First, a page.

Changes in NIE Curriculum to Help Trainees be 'Masters of Subjects'

Changes in NIE Curriculum to Help Trainees be 'Masters of Subjects'

Date
Tuesday, 28 July 2015

Media Type
TODAY (Online)

SINGAPORE — Curriculum for trainee teachers will be changed to help them become masters in the subjects they want to teach, as well as improve their pedagogical skills, Education Minister Heng Swee Keat announced today (July 28).

Starting August, undergraduates in the National Institute of Education (NIE) teaching programme can choose to spend one semester in their third year on exchange in a partner university to deepen their content knowledge.

Trainee teachers will also spend one of the four practicum stints shadowing a teacher in an overseas school for about five weeks to expose them to passionate educators in different education systems. This will help them see the differences in teaching methods and decide for themselves what will work best for students in Singapore, said Mr Heng.

In addition, trainee teachers will take on educational research, looking into the psychology of learners and the science of learning.

Speaking at the Ministry of Education’s Teaching Scholarship presentation ceremony today, Mr Heng said: “(Teachers) must have strong content mastery. When you know it well, and can show your students how it applies to their lives, you will help you students love the subject.”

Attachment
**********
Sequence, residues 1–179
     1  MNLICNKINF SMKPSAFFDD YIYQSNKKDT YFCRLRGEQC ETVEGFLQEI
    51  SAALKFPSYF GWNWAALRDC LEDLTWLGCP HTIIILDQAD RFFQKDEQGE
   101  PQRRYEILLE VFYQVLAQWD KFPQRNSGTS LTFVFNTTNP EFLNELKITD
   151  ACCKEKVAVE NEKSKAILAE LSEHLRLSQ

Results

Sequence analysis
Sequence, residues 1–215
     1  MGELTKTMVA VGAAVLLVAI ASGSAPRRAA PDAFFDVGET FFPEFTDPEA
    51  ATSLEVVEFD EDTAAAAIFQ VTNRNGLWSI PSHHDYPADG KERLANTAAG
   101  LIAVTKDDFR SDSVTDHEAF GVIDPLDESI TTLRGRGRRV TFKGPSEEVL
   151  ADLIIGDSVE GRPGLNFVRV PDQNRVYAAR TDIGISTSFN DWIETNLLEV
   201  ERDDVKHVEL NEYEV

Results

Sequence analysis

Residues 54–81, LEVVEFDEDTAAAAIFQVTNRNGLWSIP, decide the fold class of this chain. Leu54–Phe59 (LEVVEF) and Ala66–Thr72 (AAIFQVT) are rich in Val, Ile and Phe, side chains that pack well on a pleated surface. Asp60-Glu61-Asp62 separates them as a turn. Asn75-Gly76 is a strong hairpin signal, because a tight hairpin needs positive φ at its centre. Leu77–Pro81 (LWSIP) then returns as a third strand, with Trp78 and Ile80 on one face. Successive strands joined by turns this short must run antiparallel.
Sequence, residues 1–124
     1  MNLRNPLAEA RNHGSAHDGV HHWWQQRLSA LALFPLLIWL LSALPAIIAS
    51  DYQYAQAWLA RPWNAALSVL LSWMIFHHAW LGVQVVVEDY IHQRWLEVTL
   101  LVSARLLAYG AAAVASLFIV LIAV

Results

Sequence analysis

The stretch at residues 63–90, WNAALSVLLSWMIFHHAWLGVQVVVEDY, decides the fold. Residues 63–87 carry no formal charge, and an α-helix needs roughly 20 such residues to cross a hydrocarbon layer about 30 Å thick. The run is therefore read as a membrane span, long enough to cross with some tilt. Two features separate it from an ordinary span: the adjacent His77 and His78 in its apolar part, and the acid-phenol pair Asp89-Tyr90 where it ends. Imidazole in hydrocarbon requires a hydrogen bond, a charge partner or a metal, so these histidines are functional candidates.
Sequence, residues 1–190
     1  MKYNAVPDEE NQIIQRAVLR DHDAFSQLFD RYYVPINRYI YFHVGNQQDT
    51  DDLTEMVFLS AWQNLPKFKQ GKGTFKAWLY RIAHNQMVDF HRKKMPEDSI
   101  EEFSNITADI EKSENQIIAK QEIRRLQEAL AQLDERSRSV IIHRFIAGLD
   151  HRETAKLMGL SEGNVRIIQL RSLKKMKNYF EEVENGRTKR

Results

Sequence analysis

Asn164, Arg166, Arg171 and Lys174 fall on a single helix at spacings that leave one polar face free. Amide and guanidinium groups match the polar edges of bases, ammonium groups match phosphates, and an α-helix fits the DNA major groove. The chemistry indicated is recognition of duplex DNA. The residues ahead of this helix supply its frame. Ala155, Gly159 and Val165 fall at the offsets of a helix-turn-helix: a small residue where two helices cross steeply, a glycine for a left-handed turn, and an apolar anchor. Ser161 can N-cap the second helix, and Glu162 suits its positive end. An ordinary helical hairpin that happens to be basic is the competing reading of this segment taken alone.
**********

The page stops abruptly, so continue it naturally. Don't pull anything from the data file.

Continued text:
He added: “Your students have different paces and styles of learning. You must understand how each student learns, the different things that motivate and inspire each student ... You need to be able to reach your students in order to teach them.”

The NIE undergraduate programme, which has been running for more than 10 years, offers a Bachelor of Arts (Education) or Bachelor of Science (Education), depending on the subject a trainee teacher majors in. Yearly intake averages about 50.

Of the 210 or so scholarship recipients today, 50 will be attending the NIE’s undergraduate programme. Currently, only about 10-15 per cent of its trainees get to go on exchange programmes, said an NIE spokesperson.

Today, MOE scholarship recipient Lau Kai Jing, 19, who will be starting the NIE undergraduate programme next month, said she is excited about applying to Peking University for exchange.

“I chose NIE because of the chance to learn pedagogical skills as well as content (knowledge). We’re learning it side by side so I feel it’s easier for me to relate my content to what I’m learning on the pedagogical side,” said Ms Lau, who is passionate about Chinese language. On a research area she’s interested in pursuing, she said: “I’m interested in learning how to ... create new ways of teaching Chinese in this new environment where families are increasingly English-speaking.”

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For related Media Coverage

The Straits Times (Online): NIE trainee teachers to get more exposure to schools overseas and research

Channel NewsAsia (Online)Overseas opportunities, research into learning methods part of enhanced NIE degree programme

Lianhe Zaobao (Page 10)NIE trainee teachers to get more overseas exposure in Bachelor degree programmes

Source: TODAY (Online), mediacorp